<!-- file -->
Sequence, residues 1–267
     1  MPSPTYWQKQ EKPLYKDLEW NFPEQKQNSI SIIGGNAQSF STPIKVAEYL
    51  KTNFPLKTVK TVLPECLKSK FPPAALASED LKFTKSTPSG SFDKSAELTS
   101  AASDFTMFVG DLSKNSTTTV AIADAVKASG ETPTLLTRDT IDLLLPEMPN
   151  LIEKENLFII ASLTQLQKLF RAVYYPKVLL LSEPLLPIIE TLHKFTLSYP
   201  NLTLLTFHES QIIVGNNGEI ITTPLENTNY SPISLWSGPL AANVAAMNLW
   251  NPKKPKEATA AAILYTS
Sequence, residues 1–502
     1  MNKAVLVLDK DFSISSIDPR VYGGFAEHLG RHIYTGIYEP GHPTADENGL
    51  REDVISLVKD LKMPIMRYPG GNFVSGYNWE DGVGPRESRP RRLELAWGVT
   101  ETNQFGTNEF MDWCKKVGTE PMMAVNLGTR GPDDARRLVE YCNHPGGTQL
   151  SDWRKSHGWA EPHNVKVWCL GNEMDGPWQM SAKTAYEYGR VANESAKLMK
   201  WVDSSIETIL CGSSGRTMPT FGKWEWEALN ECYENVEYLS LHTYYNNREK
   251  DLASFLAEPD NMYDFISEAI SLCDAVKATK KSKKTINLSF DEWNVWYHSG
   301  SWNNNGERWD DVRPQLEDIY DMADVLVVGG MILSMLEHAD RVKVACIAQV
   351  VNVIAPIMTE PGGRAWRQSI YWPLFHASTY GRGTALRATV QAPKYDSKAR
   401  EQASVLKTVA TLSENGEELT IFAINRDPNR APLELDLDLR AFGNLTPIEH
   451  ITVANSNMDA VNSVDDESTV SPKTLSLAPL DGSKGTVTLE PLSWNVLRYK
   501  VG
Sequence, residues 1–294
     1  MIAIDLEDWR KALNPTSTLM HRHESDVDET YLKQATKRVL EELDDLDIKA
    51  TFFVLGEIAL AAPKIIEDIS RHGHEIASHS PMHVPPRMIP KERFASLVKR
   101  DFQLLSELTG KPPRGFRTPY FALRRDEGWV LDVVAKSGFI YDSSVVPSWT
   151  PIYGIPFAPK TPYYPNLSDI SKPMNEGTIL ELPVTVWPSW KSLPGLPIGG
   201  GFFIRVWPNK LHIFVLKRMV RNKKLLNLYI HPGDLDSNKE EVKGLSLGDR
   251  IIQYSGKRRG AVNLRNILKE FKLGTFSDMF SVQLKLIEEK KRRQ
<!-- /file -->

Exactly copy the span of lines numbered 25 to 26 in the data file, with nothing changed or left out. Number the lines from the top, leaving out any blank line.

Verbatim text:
   201  GFFIRVWPNK LHIFVLKRMV RNKKLLNLYI HPGDLDSNKE EVKGLSLGDR
   251  IIQYSGKRRG AVNLRNILKE FKLGTFSDMF SVQLKLIEEK KRRQ